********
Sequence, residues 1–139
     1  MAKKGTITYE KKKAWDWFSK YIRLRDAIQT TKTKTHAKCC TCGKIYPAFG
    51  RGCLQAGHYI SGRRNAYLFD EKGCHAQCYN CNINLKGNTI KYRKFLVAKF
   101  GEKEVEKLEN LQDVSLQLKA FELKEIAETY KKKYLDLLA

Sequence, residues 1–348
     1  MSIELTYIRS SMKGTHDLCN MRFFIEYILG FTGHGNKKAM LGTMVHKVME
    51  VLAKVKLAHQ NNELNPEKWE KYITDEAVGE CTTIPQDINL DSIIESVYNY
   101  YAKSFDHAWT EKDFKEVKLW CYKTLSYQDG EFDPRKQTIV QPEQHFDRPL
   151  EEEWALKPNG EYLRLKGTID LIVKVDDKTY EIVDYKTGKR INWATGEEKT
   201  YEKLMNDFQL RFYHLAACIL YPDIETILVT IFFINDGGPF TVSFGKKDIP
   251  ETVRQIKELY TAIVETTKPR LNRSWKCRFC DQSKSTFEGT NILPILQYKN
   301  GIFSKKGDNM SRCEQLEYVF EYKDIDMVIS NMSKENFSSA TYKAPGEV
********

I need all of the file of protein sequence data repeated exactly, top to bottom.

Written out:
Sequence, residues 1–139
     1  MAKKGTITYE KKKAWDWFSK YIRLRDAIQT TKTKTHAKCC TCGKIYPAFG
    51  RGCLQAGHYI SGRRNAYLFD EKGCHAQCYN CNINLKGNTI KYRKFLVAKF
   101  GEKEVEKLEN LQDVSLQLKA FELKEIAETY KKKYLDLLA

Sequence, residues 1–348
     1  MSIELTYIRS SMKGTHDLCN MRFFIEYILG FTGHGNKKAM LGTMVHKVME
    51  VLAKVKLAHQ NNELNPEKWE KYITDEAVGE CTTIPQDINL DSIIESVYNY
   101  YAKSFDHAWT EKDFKEVKLW CYKTLSYQDG EFDPRKQTIV QPEQHFDRPL
   151  EEEWALKPNG EYLRLKGTID LIVKVDDKTY EIVDYKTGKR INWATGEEKT
   201  YEKLMNDFQL RFYHLAACIL YPDIETILVT IFFINDGGPF TVSFGKKDIP
   251  ETVRQIKELY TAIVETTKPR LNRSWKCRFC DQSKSTFEGT NILPILQYKN
   301  GIFSKKGDNM SRCEQLEYVF EYKDIDMVIS NMSKENFSSA TYKAPGEV